The militants were arrested by the police last week. Ayobi said a
joint delegation from the Interior Ministry and the office of the
attorney general in the capital, Kabul, had arrived in Kandahar, in
southern Afghanistan, on Monday to evaluate the cases of the suspects.
The delegation, led by the deputy interior minister along with the
governor of Kandahar, announced today that the suspects confessed their
involvement in the attack, Ayobi said.
He said Afghanistan's courts would decide the attackers' fate after the investigation was completed.
At least two of the girls were hospitalized by the attack, their faces blackened and burned.
The attack was condemned at the time by Laura Bush, who described
the Taliban as "cowardly and shameful" for carrying out the attack.
"The Taliban's continued terror attacks threaten the progress that
has been made in Afghanistan," the first lady said in a statement,
adding, "These cowardly and shameful acts are condemned by honorable
people in the United States and around the world."
Mrs. Bush has been an advocate for the women of Afghanistan during
her husband's tenure. She has visited Afghanistan three times to put a
spotlight on development and women's issues, most recently in June, a
trip cloaked in secrecy so she would not become a target of terrorists.
This is who we are fighting. Don't ever forget it.
"You know we have a lot to be thankful for today. Our boys are home safe." - Barbara Filicsky, mother of Specialist Jason Filiscsky
Alpha Battery, 2nd Battalion, 150th Field Artillery of the Indiana National Guard returned home from Iraq to Indianapolis on Thanksgiving morning...the Patriot Guard Riders were there to welcome them home. Here's some photos of the reunions:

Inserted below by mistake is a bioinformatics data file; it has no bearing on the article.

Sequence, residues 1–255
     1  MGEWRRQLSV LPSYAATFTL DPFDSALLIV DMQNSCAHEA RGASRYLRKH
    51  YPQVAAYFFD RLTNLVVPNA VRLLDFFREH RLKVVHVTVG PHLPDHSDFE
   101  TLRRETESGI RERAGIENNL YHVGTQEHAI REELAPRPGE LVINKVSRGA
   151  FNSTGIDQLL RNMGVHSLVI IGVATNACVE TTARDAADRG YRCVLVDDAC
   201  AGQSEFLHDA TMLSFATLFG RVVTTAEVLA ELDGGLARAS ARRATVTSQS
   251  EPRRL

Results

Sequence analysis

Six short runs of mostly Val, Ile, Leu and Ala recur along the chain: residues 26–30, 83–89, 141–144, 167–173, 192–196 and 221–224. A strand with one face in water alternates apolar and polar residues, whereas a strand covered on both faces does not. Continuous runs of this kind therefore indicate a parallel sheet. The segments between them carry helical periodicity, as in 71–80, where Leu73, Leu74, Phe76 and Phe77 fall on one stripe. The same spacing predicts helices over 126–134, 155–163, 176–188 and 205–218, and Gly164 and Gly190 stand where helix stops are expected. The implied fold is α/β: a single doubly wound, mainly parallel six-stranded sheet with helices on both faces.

FIRST SERGEANT GETS A HUG
Indiana National Guard 1st Sgt. Euripides Perez hugs his wife, Lupe, at a Stout Field hangar in Indianapolis, Nov. 27. Perez, of South Bend, Ind. is the top enlisted Solder with Battery A, 2nd Battalion, 150th Field Artillery. Perez returned to Hoosier soil along with more than 320 Citizen-Soldiers with the 76th Infantry Brigade Combat Team on Thanksgiving morning. Photographer for all photos: Staff Sgt. Jeff Lowry, Indiana National Guard.
STAFF SERGEANT WILSON GETS A KISS
Stacy Wilson of Rossville, Ind. kisses her husband, Staff Sgt. Mark Wilson, at a Stout Field hangar in Indianapolis, Nov. 27. Wilson, Battery A, 2nd Battalion, 150th Field Artillery squad leader, returned to Hoosier soil along with more than 320 Citizen-Soldiers with the 76th Infantry Brigade Combat Team after a nine-month deployment to Iraq.
THE CO GETS ENGAGED
Indiana National Guard Capt. Logan Goettler, of Indianapolis and Battery A, 2nd Battalion, 150th Field Artillery commander, proposes marriage to his girlfriend, Amanda Cook, Nov. 27. The couple has been together for nearly two years. Goettler returned to Hoosier soil after a nine-month deployment to Iraq with the 76th Infantry Brigade Combat Team.
Indiana National Guard Capt. Logan Goettler slides an engagement ring on his fiancee's finger, Nov. 27. Goettler, of Indianapolis and Battery A, 2nd Battalion, 150th Field Artillery commander, and Amanda Cook have been together for nearly two years.
MORE HUGS FOR SPECIALIST GULLEY
Indiana National Guard Spc. James Gulley receives hugs from his daughters, Emily, left, and Mercedes, right, at a Stout Field hangar in Indianapolis, Nov. 27. Gulley, of Indianapolis and a fuel specialist with Company E, 113th Brigade Support Battalion, returned to Hoosier soil along with more than 320 Citizen-Soldiers with 76th Infantry Brigade Combat Team after a nine-month deployment to Iraq.
Some photos of Thanksgiving in Iraq and Afghanistan:
A FEAST AWAITS